In lieu of an abstract, here is a brief excerpt of the content:

  • Revisiting Archival History
  • Richard J. Cox (bio)

The article included here, which I wrote in 2000, owes its origins to an invitation to contribute to a volume celebrating the fiftieth anniversary of the Library History Round Table. This is hardly a sufficient explanation for the final version. When I was requested to write this article, a request I happily accepted, I drew on my own interests and experiences, gathering my thoughts about what was known about the history of archives and recordkeeping, where and how such research was being carried out, and why such scholarship was being done. What I concluded then surprised me.

When I entered the archives profession in the early 1970s I did so as so many did: because of an intense interest in history. I gravitated, naturally, to being interested in the history of archives, recordkeeping, and related aspects of the field. This led me to read both within the archival literature and more broadly in other disciplines considering closely related topics (from information and library science to the social sciences relying on archival sources—such as represented by the other articles in this special issue). My initial impulse was to learn as much as I could about archives and the nature of recordkeeping, often inspired by questions formulated in the course of working with manuscripts and other documentary materials. However, my own general interest in history was what kept me exploring this topic.

While I found much of interest to me, I must admit that I was genuinely surprised by the spottiness of coverage on this topic and what seemed to me to be a superficial commitment to studying this aspect of the archival profession and mission. Archivists produced institutional histories marking anniversaries, biographical studies of archival pioneers and collectors, analyses of particular documentary forms, and the occasional assessment of an interesting historical event or case study in the development of the profession. To a certain extent, little has changed, explaining why I adopted a very broad, some might say eclectic, reading [End Page 4] program covering a wide array of disciplines and topics. Because documentary sources are so important, every discipline, from the sciences to the humanities, has found a need to assess and use them. In my article I noted how I detected a growing interest in archives from scholars outside the profession—those who were examining topics such as literacy, writing, and memory. I also noticed the archival implications of the increasing attention on the history and societal role of the computer. Such interests continue to expand and deepen. Now I look back on my own research and writing as they slide back into the archival past, and I don't know how they will hold up over time.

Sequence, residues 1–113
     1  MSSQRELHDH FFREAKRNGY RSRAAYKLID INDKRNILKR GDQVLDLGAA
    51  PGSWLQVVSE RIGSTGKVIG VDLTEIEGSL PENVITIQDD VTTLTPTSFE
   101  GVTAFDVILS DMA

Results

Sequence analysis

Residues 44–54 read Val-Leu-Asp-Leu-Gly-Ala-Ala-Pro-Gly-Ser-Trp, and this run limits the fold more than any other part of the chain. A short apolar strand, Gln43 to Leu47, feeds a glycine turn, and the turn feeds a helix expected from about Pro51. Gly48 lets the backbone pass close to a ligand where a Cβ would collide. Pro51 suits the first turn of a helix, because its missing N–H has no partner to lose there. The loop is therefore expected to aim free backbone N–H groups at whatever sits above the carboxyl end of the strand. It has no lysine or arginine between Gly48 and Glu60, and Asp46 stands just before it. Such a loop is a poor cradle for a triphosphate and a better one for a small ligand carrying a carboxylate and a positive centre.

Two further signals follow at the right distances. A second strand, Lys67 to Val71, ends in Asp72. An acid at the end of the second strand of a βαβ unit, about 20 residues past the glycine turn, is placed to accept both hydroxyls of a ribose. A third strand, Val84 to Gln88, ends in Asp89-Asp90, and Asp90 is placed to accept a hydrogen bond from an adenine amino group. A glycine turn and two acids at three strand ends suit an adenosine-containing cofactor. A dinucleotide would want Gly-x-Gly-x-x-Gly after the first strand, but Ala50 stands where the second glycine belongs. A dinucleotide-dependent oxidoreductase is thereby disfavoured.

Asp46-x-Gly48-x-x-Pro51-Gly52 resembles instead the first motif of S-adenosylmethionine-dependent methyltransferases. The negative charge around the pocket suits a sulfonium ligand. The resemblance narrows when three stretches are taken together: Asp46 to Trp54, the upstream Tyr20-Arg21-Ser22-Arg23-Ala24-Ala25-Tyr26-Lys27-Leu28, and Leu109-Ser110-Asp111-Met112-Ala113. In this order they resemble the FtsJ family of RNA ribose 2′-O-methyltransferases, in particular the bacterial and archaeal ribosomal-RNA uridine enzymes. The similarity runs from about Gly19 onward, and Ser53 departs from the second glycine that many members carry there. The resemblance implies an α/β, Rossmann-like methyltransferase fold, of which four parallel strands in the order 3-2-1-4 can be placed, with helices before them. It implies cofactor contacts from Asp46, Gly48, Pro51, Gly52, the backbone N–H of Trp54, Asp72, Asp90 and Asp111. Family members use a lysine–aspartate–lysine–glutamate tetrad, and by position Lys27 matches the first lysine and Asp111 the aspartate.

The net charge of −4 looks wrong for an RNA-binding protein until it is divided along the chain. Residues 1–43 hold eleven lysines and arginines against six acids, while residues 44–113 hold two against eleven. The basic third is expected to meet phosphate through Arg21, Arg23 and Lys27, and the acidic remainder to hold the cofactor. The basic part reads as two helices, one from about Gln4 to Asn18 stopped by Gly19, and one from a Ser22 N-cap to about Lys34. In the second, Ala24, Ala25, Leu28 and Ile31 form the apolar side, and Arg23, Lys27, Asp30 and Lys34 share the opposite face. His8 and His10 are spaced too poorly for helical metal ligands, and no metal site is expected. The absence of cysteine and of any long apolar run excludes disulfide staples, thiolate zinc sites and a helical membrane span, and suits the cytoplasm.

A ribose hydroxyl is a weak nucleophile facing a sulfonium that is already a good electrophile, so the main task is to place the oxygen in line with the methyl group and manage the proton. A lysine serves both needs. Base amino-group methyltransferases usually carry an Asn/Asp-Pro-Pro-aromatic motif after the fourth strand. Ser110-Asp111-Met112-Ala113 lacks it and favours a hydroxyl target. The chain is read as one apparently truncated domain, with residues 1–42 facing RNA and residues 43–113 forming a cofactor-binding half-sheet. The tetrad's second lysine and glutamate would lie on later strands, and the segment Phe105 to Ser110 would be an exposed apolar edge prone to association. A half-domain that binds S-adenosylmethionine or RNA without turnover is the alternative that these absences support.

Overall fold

History and Archival Beliefs

I have never considered myself a theoretician or an adherent to a rigid set of principles regarding my professional and scholarly work (although this is not to say that others have not claimed me as one of their own or used me as a foil to state their own positions). The primary exception to this may be my long-term conviction that as members of a profession, archivists must possess some distinct characteristics and authorities. Nevertheless, I have for a long time held to the rather simple belief that in order to lay claim to being an archivist, one must know something about archives and records; part of this knowledge is grasping the ever-changing nature of the record and recordkeeping systems, and an important aspect of this is their historical evolution and context.

History is an essential tool for understanding archives, although it is difficult to say this with conviction, since it still remains fairly spotty in its coverage. In the 1980s and 1990s I wrote a series of essays about the importance of archival history, calling for new research and scholarship on the topic from within the field. It is fair to say that the profession's focus on digital records has absorbed much of the intellectual vitality of the field since then; if you announce that you are engaged in work on any aspect of archival history, others may encourage you to abandon such efforts—there...


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